Article

IgG4-related disease of the ureter: Report of two cases and review of the literature

Department of Surgical and Morphological Sciences, University of Insubria, viale Borri 57, 21100, Varese, Italy, .
Archiv für Pathologische Anatomie und Physiologie und für Klinische Medicin (Impact Factor: 2.56). 05/2013; 462(6). DOI: 10.1007/s00428-013-1421-5
Source: PubMed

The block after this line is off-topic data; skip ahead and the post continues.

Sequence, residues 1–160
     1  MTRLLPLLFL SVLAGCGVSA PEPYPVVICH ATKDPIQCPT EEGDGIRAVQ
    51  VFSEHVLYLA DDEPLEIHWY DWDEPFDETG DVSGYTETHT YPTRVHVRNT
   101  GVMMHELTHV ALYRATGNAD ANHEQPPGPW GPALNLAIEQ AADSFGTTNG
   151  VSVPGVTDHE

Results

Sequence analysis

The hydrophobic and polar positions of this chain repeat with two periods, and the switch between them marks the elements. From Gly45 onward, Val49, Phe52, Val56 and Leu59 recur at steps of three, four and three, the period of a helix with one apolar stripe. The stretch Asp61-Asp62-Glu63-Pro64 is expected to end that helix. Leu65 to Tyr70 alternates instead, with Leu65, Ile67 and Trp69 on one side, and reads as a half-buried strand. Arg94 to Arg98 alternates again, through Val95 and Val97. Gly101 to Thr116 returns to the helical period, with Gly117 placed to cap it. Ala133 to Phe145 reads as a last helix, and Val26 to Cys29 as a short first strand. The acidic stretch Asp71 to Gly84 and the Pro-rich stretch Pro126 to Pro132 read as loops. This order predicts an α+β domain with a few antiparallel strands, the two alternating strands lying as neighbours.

ABSTRACT IgG4-related disease (IgG4-RD) is a recently recognized multi-organ fibro-inflammatory lesion characterized by elevated IgG4 serum levels and mass-forming lesions. This condition shows similar histological features independently of the site of origin including storiform fibrosis, obliterative phlebitis, and dense lymphoplasmacytic infiltrate with a conspicuous IgG4-positive plasma cell component. Since this disease has only recently been categorized as a single specific nosologic entity, lesions with these typical morphological features have previously been named in different ways, creating some confusion and making it difficult to identify cases published in the literature. Lesions with features suggesting IgG4-RDs have very rarely been reported in the ureter, and they have been named using the terms "inflammatory pseudotumor" and "idiopathic segmental ureteritis." Herein, we describe the clinicopathological features of ureteral IgG4-RD found in two different patients. An 82-year-old female and a 77-year-old male underwent ureteral resection due to severe ureteral wall thickness and lumen stenosis suggestive of urothelial carcinoma. However, histological examinations showed transmural fibro-inflammatory lesions, with abundant IgG4 plasma cells intermixed with histiocytes, lymphocytes, fibroblasts, and scattered eosinophils. We have also accurately reviewed the literature in order to identify, among lesions diagnosed with different names, examples of ureteral IgG4-related lesions to give the reader a comprehensive overview of this relatively rare inflammatory disease. We suggest using the name "ureteral IgG4-RD" for those lesions showing the same morphological features as IgG4-RDs located elsewhere.

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